Sex differences in region-specific hippocampal areas in Alzheimer’s Disease: an animal-based approach


  • Jackson Sawyer Indiana University School of Medicine
  • Syed Salman Shahid Department of Radiology and Imaging Sciences, Indiana University School of Medicine
  • Yu-Chien Wu, MD, PhD Department of Radiology and Imaging Sciences, Indiana University School of Medicine



Background: Atrophy in the hippocampus is responsible for memory and cognitive decline in Alzheimer’s Disease (AD). Progression and presentation of AD in men and women are different, and the hippocampus and its subregions could be affected differently. By identifying what areas of the hippocampus are affected by sex, diagnostic tools can be better used to clinically identify and treat AD.

Aims: The goals of the proposed research are: (1) use in vivo MRI techniques to isolate the hippocampus in a mouse model, (2) use data analysis to compare the volume of the hippocampus and its subregions in 5xFAD mice, and (3) see if sex plays a role in differing hippocampal volume, and (4) assess the translational utility of using structural MRI to measure hippocampal integrity for future in vivo human brain studies/clinical practice.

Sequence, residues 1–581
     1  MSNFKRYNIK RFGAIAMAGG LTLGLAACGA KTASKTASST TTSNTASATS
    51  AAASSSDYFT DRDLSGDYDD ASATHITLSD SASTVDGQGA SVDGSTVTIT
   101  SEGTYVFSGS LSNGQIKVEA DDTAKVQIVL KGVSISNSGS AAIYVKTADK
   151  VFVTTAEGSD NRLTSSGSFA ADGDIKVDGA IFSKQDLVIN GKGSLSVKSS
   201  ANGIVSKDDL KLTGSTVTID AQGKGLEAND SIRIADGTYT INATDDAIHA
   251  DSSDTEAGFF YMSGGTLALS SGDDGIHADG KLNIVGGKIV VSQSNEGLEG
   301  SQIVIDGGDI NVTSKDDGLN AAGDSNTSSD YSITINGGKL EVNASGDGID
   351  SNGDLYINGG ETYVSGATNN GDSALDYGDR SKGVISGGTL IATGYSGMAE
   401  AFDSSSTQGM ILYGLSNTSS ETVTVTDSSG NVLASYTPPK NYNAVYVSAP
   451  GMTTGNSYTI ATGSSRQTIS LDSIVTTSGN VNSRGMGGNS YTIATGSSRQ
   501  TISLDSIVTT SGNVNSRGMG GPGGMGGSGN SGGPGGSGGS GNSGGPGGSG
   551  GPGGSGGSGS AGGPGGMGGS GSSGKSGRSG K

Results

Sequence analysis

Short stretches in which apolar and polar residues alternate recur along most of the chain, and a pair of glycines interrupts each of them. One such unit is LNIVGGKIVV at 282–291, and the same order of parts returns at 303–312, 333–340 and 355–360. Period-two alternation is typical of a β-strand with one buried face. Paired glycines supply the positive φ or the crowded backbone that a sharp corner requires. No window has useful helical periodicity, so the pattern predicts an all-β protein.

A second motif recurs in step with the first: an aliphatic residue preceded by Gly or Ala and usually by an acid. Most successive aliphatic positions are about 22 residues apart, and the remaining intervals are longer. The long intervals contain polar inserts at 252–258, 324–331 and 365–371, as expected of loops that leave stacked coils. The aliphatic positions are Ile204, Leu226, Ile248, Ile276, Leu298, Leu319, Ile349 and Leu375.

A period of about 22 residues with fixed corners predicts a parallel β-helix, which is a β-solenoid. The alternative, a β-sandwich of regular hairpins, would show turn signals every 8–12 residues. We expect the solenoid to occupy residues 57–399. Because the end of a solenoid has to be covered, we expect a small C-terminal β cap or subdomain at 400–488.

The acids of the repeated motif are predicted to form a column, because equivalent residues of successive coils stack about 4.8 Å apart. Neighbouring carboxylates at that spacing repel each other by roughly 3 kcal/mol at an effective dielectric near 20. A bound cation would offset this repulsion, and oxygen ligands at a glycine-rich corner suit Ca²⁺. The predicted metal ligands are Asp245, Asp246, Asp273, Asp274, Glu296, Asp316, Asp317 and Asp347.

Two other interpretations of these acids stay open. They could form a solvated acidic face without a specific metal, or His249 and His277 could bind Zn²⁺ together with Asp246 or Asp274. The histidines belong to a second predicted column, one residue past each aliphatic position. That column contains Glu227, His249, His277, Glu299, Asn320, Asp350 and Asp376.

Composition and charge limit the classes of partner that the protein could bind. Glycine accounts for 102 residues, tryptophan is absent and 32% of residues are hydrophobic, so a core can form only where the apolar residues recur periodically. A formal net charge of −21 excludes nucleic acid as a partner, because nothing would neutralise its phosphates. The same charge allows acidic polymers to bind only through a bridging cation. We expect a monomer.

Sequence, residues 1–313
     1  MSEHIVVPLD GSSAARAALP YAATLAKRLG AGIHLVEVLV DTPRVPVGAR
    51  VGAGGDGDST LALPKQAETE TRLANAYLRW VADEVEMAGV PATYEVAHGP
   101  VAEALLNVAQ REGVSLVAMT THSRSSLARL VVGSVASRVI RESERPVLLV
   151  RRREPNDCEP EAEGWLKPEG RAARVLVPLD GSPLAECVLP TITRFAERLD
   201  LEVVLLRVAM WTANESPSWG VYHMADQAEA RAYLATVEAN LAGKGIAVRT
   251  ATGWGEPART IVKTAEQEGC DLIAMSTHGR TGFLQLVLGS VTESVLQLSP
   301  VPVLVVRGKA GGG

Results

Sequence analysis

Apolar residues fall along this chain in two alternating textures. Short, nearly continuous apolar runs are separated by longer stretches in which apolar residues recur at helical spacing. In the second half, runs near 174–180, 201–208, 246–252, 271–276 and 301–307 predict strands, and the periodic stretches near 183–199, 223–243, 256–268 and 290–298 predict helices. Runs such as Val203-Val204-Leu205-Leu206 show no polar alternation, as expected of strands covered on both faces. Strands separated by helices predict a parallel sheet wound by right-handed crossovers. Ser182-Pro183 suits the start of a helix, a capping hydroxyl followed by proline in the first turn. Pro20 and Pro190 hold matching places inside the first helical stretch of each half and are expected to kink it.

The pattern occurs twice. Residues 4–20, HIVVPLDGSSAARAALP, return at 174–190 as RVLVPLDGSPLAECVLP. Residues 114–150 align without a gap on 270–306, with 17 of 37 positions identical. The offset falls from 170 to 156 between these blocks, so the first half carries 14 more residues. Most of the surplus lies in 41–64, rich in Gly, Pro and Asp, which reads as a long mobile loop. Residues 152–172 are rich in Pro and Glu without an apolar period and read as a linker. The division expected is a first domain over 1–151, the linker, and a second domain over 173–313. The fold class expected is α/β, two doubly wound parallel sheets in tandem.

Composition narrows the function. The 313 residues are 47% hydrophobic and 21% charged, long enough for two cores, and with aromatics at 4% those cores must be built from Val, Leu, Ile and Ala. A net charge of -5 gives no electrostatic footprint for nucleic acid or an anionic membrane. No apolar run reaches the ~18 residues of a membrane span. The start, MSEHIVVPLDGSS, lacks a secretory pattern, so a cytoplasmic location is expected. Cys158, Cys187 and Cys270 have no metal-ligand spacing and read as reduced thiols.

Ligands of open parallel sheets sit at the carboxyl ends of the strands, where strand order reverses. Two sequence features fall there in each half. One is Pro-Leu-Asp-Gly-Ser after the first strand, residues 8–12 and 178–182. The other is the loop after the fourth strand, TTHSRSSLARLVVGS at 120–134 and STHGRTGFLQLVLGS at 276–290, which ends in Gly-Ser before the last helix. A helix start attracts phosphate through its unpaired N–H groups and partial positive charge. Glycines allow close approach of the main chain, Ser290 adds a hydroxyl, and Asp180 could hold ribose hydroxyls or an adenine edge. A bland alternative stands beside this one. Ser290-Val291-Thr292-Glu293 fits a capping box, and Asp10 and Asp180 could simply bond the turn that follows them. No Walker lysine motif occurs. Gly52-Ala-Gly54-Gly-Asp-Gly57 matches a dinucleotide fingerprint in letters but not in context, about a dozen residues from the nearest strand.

Methods: We used the imaging software FSLeyes to examine MRI images and isolate hippocampal subregion masks. MRI images were taken at the 2-month age period when amyloid-B deposition begins in the forebrain. Upon isolation of the hippocampal mask of each MRI, group classification was identified, and quantitative analysis was performed to compare groups.

Results: We found significant lower spatial volume in Stratum Granulosum (SG) of the hippocampus in female mice compared to male mice. The SG contains dentate granule cells, responsible for spatial memory. Apart from this, the data that we obtained was nonsignificant but did show that female mice contained mainly smaller hippocampus subregions and total volumes despite TICV being larger in females.

Conclusion and Impact: More data is needed to observe the degeneration of SG over a lifetime and assess if it is the reason why males retain spatial memory in AD as opposed to females. Otherwise, analyzing hippocampal volume in the early stages of AD doesn’t appear to be sufficient in explaining outstanding sex differences in AD presentation and progression.